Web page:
I read with interest the article in The Express about a group of architects who took it upon themselves to meet with Adam Potter to convey their concerns about the conceptual renderings published in the paper [“Local Architects Hope To Help Guide Design Of Affordable Housing Complex In Sag Harbor,” 27east.com, July 27].
I believe it presumptuous to have a private meeting with Mr. Potter and his designer about the design concept. While I may share many of their concerns, and I do, it was safe for Mr. Potter to believe they were speaking for the whole community, and to understand that the housing/commercial proposal was a “given,” as long as the design is improved.
There are many more basic issues to discuss.
1. When the mayor suggested that the property be developed for a new Bay Street Theater, we were told that it was impossible because the ground under it was toxic. Why, then, is it appropriate to locate housing on that property?
2. Was a massing and planning study ever prepared to illustrate how the theater might fit on the property (and the “blue ball” property)?
3. A theater is a “black box,” mostly devoid of windows, except in the lobby. Why not back that up to a parking lot and use a site with light, air and views for housing? Mr. Potter’s vision is an urban one with high density. I am not sure the village either wants or can accommodate the kind of visual environment he proposes. It’s a village, not The Village.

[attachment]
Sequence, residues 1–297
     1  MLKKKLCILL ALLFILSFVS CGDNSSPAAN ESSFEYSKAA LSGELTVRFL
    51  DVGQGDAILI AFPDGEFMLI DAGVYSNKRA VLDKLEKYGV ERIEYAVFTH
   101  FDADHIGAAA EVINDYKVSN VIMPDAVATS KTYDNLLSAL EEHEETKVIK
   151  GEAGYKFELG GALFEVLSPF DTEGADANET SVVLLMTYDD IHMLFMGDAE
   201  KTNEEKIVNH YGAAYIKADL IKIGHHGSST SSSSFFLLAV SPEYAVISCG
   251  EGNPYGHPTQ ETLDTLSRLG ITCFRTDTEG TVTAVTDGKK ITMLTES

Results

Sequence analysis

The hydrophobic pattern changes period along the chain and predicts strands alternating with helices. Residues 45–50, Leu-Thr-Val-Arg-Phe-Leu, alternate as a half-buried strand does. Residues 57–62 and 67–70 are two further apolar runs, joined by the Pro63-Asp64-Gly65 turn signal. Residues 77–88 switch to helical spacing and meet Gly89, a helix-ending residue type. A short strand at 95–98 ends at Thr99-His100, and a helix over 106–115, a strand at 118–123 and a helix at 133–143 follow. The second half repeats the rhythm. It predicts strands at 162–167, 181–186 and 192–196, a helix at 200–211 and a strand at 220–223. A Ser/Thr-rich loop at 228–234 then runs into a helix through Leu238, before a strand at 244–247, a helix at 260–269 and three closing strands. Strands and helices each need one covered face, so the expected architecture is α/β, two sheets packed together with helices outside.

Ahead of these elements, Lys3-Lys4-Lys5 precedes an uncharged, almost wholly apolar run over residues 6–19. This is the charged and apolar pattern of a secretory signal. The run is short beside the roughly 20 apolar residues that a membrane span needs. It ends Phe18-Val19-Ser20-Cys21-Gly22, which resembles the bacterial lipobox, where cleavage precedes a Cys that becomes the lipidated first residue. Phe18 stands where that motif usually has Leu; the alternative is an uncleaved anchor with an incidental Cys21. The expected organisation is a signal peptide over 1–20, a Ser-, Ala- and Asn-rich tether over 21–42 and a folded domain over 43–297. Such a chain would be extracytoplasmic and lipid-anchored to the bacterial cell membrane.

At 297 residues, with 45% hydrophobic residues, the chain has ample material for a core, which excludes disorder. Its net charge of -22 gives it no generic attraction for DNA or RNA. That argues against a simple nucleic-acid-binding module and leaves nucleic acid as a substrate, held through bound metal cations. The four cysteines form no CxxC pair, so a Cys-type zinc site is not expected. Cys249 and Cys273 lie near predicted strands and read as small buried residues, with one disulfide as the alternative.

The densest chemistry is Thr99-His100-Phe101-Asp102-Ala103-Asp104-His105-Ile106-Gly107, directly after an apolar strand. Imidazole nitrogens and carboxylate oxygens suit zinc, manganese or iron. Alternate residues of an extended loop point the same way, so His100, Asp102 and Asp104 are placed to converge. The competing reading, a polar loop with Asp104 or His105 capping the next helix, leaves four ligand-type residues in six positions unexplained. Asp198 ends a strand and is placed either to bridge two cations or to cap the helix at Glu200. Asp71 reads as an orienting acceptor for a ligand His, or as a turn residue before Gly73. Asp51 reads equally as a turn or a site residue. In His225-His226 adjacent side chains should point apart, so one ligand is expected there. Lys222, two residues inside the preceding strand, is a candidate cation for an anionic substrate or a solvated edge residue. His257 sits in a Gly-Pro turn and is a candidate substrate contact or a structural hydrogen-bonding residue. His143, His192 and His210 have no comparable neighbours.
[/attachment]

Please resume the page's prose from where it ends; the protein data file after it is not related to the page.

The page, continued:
4. Why are we even talking about architecture? I agree that the proposed design has nothing to do with Sag Harbor — it illustrates a complete lack of understanding of the character, scale, detail and history of our village. A master planning study addressing traffic, parking, density of population, impact on infrastructure, environment, schools, and economic impact on existing residences and adjacent businesses needs to be undertaken.
5. Should all market-rate housing be concentrated in one location? Why?
6. Twenty-five percent of our downtown businesses seem to close each fall; do we really need more empty retail spaces as part of market-rate housing ?
7. If Mr. Potter is serious about his proposal, why hasn’t he reached out to the community to float the idea before showing up with renderings that would turn anyone off? Hasn’t he learned anything from the disaster of the surprise theater proposal?
As a property owner in Sag Harbor since 1976, and an architect who has had a 40-year-old practice designing public buildings, I am personally discouraged as I see the haphazard process that is allowing developers to plan our village while our residents and boards can only play defense as the developers reap 80 percent of their goal.
One fine body…